My Soul Blooms Forever: Japanese contemporary artist Yayoi Kusama's colourful exhibition comes to Qatar

Japanese contemporary artist Yayoi Kusama exhibited in Qatar
5 min read
15 February, 2023

Polka dots, pumpkins, and infinity rooms are the trademark of Japanese contemporary artist Yayoi Kusama. In Doha, Qatar, even palm trees are joining in the pop art fun of the Middle East’s largest outdoor exhibition of its kind.

For My Soul Blooms Forever, organised by Qatar Museums, the grounds of the Museum of Islamic Art have been taken over by Yayoi Kusama’s colourful and creative works, showcasing nine installations.

In 2021, the Years of Culture programme – a yearly cultural exchange between Qatar and countries around the world – saw Jeff Koons exhibit his larger-than-life installations and in 2022 it stayed quirky and bright with Yayoi Kusama’s florally inspired exhibition.

"Accomplished in numerous ways of expression, from sculpture, painting, video, fashion, and more, over the years Yayoi Kusama has become best loved for her polka dots and infinity rooms, both reflecting a way to self-obliterate, and become one with the environment"

Born in 1929 in Japan, Yayoi Kusama presented her first solo show in 1952 in Japan, and then in New York in 1959. In the 1960s, she made a worldwide name for herself through avant-garde happenings, performances, exhibitions, and events.

Accomplished in numerous ways of expression, from sculpture, painting, video, fashion, and more, over the years she has become best loved for her polka dots and infinity rooms, both reflecting a way to self-obliterate, and become one with the environment.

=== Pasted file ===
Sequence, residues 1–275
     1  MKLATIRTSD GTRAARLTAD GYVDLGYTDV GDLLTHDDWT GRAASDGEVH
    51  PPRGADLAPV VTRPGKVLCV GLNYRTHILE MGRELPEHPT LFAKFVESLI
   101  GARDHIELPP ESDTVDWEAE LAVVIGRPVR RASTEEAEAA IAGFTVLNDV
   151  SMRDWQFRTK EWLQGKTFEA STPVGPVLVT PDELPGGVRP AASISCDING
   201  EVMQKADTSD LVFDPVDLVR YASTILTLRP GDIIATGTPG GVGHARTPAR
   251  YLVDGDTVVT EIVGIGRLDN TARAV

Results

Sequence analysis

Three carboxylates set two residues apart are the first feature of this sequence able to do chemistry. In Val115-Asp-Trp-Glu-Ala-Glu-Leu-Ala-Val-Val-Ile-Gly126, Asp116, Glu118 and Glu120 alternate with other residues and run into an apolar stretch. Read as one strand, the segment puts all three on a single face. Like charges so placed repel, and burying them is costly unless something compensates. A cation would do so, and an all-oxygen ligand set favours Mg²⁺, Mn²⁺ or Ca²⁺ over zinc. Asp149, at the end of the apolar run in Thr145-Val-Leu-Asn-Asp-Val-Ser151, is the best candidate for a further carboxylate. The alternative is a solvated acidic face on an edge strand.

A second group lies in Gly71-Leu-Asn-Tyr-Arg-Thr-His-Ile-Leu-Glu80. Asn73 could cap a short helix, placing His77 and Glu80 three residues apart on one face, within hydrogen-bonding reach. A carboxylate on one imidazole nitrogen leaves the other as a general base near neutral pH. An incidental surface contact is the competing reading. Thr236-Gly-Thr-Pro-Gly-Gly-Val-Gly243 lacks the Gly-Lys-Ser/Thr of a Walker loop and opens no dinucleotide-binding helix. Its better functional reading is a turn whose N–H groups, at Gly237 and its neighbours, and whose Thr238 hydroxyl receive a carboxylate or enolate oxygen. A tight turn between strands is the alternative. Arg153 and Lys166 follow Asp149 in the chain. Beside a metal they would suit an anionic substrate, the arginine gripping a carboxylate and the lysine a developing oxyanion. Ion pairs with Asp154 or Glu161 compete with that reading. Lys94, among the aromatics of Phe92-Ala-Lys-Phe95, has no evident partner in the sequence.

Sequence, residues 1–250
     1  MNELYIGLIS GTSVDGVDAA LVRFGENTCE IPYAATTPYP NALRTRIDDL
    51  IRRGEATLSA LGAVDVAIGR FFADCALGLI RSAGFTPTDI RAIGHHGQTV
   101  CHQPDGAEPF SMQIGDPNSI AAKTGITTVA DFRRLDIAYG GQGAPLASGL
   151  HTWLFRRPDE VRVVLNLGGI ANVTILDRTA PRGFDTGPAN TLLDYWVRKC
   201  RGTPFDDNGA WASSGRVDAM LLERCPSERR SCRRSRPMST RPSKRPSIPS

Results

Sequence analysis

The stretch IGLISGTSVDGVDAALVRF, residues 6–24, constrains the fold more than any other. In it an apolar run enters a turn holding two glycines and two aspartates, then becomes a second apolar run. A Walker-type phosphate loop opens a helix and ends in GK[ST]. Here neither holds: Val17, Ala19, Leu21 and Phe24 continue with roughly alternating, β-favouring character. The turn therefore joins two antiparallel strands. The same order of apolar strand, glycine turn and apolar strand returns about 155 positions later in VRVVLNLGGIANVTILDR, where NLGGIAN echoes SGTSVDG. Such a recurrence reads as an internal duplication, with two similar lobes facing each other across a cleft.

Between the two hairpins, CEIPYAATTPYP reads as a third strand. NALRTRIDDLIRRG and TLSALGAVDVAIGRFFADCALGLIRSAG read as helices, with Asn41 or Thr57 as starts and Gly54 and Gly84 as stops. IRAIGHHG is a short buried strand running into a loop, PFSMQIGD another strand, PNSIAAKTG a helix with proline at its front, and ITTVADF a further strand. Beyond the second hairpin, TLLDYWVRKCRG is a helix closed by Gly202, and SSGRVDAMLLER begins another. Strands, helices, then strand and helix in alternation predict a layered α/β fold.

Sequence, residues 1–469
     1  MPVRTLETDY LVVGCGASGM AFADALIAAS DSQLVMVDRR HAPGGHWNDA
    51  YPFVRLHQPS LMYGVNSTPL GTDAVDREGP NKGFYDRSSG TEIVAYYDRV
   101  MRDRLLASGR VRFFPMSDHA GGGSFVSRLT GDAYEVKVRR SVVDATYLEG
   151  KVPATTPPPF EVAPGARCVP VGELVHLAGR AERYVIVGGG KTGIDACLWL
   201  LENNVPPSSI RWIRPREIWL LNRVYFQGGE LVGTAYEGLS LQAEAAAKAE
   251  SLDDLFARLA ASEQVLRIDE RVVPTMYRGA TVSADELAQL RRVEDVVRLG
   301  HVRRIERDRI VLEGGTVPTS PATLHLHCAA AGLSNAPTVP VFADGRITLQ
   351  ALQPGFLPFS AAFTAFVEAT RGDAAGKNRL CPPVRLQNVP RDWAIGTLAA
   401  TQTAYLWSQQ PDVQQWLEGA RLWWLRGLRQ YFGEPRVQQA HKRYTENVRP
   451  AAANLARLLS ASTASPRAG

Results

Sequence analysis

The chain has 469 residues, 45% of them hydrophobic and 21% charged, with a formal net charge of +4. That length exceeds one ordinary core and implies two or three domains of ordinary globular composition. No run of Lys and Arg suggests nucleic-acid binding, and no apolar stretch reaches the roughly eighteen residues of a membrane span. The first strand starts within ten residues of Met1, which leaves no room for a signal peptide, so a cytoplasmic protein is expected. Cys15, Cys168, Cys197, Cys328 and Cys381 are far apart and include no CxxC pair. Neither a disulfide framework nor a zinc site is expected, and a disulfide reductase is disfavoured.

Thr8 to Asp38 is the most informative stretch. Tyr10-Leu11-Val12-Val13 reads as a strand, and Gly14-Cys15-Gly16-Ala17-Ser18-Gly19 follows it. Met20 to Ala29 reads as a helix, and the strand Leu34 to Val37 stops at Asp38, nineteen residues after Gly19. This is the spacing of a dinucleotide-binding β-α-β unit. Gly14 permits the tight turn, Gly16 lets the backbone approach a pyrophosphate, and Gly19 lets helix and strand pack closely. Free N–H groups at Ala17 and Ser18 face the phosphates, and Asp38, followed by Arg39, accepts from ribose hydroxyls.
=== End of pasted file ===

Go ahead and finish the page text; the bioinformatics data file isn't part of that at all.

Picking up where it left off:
Having suffered from hallucinations, obsessive-compulsive behaviour, and other mental health issues such as Schizophrenic tendencies from childhood, Yayoi Kusama has lived – voluntarily – in a mental institution since 1977, working in a studio just across the road from it.

Having used art as a way of coping with mental illness, and soon becoming successful with her art spanning both the pop art as well as minimalism genres, she is one of the most prolific artists around.

Ascension of Polka Dots on the Trees
Ascension of Polka Dots on the Trees [photo credit: Ulrike Lemmin-Woolfrey/Yayoi Kusama]

For My Soul Blooms Forever, Qatar Museums brought together a variety of Yayoi Kusama’s work, all connected by the theme of infinity and polka dots, showcasing some work dating back to 1966, and more recent installations. And the chosen setting of the I.M. Pei-designed Museum of Islamic Art, the 62-acre MIA Park which spans around it, plus the large Al-Riwaq Gallery set within the grounds, offered a perfect canvas for the varied installations.

The MIA Park is designed to lead from the museum in a nearly circular curve through the green water of Doha Bay, with dhows moored within the circle, and the end of the park culminating in a point, highlighted by the sculpture entitled 7, by Richard Serra.

In front of the Museum of Islamic Art, the fountain holds the Narcissus Garden, 1,300 floating steel spheres reflecting the sunshine with sparks of light, an installation first shown at the 1966 Venice Biennale.

My Soul Blooms Forever
My Soul Blooms Forever [photo credit: Ulrike Lemmin-Woolfrey/Yayoi Kusama]